THEREFORE, IT IS HEREBY DECLARED, that a local emergency exists throughout the City of Alexandria; and IT IS FURTHER DECLARED AND ORDERED, that during the existence of said emergency, the powers, functions and duties of the Director of Emergency Management shall be those prescribed by state law and the ordinances, resolutions and operations plans of the City of Alexandria, and that any actions taken under this declaration shall be directed at the prevention or response for, damages, loss, hardship or suffering threatened by, or resulting from, the emergency. The declaration for COVID-19 effective as of March 9, 2020, at 8:00 am and shall remain in full force and effect until June 30, 2022, at midnight unless sooner amended or rescinded by resolution of the City Council.
Fresh from a bout with Covid that left Mayor Justin Wilson isolating in Spain, Wilson’s first virtual town hall of 2022 launched with a discussion of the current situation with COVID-19.
Alexandria has seen record-high levels of confirmed Covid cases thanks to the highly infections omicron variant. Wilson implored locals to swap out the simple cloth masks for more effective N95 or KN 95 masks.
“We need to up our masking game,” Wilson said. “The simple cloth masks are not going to be sufficient in the face of this highly transmittable variant. We’re encouraging people to get K-95 to prevent spread.”
Wilson said mask-wearing indoors was ubiquitous in Europe, which has helped keep the virus under control. But when asked about a mask mandate, Wilson deferred to the governor’s office, noting that the Dillon Rule makes Alexandria’s authority to enforce that mandate unclear.
“The authority on masking requirements has always been a little murky from the beginning,” Wilson said. “The city was one of the first jurisdictions to adopt a masking ordinance back in 2020. That ordinance was later replicated by the state and applied state-wide. We did not include enforcement in our ordinance, largely as a nod to some of the authority concerns in a Dillon Rule state.”
Wilson said a mask mandate would have to come from state authorities.
“In my view, and I’m not an attorney, but the governor has much clearer authority which is why we preferred those orders to come out of Richmond, and at this point that’s where they need to come,” Wilson said.
Today (Monday), Gov. Ralph Northam declared a state of emergency in Virginia as a result of the spike in COVID-19 cases, which gives hospitals authority to expand bed capacity, but stopped short of issuing a mask mandate or other Covid mitigation measures.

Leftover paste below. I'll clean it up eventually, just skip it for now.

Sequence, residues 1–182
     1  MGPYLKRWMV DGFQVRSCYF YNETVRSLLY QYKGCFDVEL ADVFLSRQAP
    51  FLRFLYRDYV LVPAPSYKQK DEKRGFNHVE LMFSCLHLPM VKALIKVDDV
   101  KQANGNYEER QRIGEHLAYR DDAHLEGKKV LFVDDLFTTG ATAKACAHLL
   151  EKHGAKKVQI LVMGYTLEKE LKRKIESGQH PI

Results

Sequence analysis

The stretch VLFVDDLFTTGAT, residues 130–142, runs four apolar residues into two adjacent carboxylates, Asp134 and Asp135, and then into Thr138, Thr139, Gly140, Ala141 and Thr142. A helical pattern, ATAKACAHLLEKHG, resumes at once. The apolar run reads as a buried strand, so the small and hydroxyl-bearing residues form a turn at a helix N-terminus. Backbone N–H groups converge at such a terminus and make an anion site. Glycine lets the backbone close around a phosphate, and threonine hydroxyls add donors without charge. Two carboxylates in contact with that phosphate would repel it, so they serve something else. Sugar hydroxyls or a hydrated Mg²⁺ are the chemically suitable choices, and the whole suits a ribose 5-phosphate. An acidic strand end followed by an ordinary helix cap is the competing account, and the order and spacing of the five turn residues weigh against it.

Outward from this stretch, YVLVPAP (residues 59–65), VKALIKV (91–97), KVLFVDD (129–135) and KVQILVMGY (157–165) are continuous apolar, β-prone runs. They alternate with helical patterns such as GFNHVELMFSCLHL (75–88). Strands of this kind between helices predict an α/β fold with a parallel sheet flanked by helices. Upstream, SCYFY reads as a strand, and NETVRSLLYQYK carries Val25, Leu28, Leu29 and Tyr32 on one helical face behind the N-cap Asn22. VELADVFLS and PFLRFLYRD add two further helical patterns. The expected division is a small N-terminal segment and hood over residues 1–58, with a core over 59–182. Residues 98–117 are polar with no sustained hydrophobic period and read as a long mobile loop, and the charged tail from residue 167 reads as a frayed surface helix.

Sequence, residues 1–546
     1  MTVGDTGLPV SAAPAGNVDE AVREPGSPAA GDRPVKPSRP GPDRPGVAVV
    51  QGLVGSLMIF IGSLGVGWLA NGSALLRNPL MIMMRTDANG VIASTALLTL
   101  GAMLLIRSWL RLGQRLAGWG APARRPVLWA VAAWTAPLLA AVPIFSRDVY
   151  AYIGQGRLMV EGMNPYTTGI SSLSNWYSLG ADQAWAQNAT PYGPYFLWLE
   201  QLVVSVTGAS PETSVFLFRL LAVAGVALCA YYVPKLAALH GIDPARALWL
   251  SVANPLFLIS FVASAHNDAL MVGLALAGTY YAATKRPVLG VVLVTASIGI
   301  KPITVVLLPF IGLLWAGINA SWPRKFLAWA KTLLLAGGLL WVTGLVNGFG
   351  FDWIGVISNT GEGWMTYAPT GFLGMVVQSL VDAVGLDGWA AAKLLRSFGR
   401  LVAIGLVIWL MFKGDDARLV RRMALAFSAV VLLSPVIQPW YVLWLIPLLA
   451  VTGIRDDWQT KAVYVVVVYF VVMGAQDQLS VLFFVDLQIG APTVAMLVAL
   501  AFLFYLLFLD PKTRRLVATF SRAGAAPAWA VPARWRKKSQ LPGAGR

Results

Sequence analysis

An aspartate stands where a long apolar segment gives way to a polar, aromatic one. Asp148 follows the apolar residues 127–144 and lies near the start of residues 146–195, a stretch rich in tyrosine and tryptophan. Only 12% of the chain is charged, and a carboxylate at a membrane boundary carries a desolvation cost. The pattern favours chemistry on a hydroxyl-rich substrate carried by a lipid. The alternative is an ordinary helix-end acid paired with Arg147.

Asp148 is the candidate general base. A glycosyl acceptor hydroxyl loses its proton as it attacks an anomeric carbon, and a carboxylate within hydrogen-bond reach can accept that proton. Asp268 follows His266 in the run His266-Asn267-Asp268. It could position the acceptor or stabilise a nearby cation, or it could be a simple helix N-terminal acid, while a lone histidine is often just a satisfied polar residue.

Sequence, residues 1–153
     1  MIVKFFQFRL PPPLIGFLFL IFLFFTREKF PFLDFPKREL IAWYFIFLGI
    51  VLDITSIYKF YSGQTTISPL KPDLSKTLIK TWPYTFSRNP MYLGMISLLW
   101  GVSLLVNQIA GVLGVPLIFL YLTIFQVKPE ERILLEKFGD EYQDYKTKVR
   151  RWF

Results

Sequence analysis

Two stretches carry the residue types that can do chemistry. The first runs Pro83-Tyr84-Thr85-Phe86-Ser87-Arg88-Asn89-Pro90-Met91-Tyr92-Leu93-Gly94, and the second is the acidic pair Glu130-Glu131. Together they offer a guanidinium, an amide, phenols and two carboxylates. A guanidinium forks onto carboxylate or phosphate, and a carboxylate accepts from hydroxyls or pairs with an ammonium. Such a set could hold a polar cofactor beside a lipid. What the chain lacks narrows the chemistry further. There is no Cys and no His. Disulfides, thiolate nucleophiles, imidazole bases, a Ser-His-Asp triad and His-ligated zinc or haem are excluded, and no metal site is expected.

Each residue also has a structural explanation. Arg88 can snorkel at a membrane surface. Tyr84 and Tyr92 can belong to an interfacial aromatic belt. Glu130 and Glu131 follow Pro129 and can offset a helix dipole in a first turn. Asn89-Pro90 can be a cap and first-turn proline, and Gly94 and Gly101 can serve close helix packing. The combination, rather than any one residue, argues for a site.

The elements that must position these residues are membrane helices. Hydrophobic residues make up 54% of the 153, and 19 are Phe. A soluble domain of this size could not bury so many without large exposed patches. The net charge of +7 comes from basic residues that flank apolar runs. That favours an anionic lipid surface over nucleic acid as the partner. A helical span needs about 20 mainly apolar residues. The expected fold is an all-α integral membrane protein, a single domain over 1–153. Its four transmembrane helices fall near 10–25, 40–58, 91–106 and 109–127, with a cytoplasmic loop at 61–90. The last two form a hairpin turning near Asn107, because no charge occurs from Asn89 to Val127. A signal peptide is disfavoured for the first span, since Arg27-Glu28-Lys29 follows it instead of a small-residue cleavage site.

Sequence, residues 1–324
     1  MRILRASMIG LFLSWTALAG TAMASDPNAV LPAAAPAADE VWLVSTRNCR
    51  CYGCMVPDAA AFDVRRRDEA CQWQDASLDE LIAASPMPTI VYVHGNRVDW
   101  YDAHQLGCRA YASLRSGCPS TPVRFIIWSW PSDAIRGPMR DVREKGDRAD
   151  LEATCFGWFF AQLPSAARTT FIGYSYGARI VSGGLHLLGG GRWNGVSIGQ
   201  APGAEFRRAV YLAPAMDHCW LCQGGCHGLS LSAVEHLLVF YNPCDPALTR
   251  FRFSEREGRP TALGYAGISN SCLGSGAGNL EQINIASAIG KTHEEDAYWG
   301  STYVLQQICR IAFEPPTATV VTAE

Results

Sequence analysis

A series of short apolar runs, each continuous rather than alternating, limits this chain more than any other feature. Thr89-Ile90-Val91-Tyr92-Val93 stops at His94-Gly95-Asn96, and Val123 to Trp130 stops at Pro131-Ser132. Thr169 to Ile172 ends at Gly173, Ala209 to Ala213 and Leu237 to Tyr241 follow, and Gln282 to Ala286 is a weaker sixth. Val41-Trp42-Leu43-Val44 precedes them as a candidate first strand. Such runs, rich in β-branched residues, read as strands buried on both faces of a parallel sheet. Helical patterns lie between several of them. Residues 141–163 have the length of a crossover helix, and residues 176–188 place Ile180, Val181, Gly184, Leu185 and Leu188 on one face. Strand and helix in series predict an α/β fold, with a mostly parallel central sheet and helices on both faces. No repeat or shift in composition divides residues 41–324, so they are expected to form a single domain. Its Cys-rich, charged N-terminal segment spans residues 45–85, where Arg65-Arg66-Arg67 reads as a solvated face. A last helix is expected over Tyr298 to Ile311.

The number of COVID infections in Alexandria continues to rise at an alarming rate, as the number of reported infections has reached 23,325, an increase of nearly 2,500 cases in less than a week. In the meantime, staff at Inova Alexandria Hospital are seeing hospitalizations rise to 2020.
“The staff is working overtime,” Inova Alexandria Hospital President Dr. Rina Bansal told ALXnow. “We’re making sure that they’re not working overtime to the extent where it compromises their safety or patient safety.”
There are about 20 patients in the hospital seeking treatment for COVID-19, according to the Virginia Department of Health. The number of fatalities due to the virus remains at 161, according to the Virginia Department of Health.
Visitation is also restricted at the hospital, although patients are allowed into the facility with a companion — just like the visitation policy that was in place at the beginning of the pandemic. Consequently, Bansal is asking that residents not come to the hospital unless they specifically need hospital-based treatment.
“Clinically we’re much more comfortable in managing the disease itself,” Bansal said. “At this point, we have almost two years of experience under our belt.”
By the numbers
- The seven day average of daily new cases is now 475.7, up from 399 last week
- The seven-day average of positive COVID-19 tests is now 30.9%, up from 28.6% last week
- There are 29,495 unvaccinated Alexandria residents
- About 69% of residents (106,456 people) are fully vaccinated
- 81% (124,385) of residents have gotten at least one dose
- 42,506 residents have gotten a booster shot
Alexandria School Board members say they want to keep in-person instruction going, but amidst a surge in Covid cases the Alexandria City Public Schools system now has an official plan to revert to virtual learning on a school-by-school basis.
“There may be cases in the future where we have to transition into a virtual learning setting due to that and we want to just prepare for that,” Superintendent Gregory Hutchings, Jr., told the Board Thursday night.
The ACPS Protocol for Transitioning to Virtual Instruction is a roadmap for how schools will operate based on COVID infections within a particular school. Like stoplights, the plan is broken up into three zones — green for in-person instruction; yellow for the consideration to transition to virtual learning; and the full-blown transition to virtual learning.
More than 15,000 ACPS students haven’t been back to school since Friday, Dec. 17. This week’s snowstorm prompted ACPS to take immediate action by reverting to virtual learning, like a test run in case schools have to do the same thing because of a rise in Covid infections.
“The decision to transition temporarily to virtual learning will be made after careful consideration of the factors that impact instruction and operations at each school on a daily basis as conditions warrant,” ACPS said. “Note that regardless of the instructional plan, all students will bring home their devices at the end of every school day.”
With Covid numbers surging since Thanksgiving, the Health Department expected cases to rise again after the winter break. That break was extended, so to speak, after in-person classes were switched to virtual all week after Monday’s snowstorm. Just prior to the winter break, 174 reported cases within the school system in December alone. There have been 411 positive cases reported within ACPS since school began in August.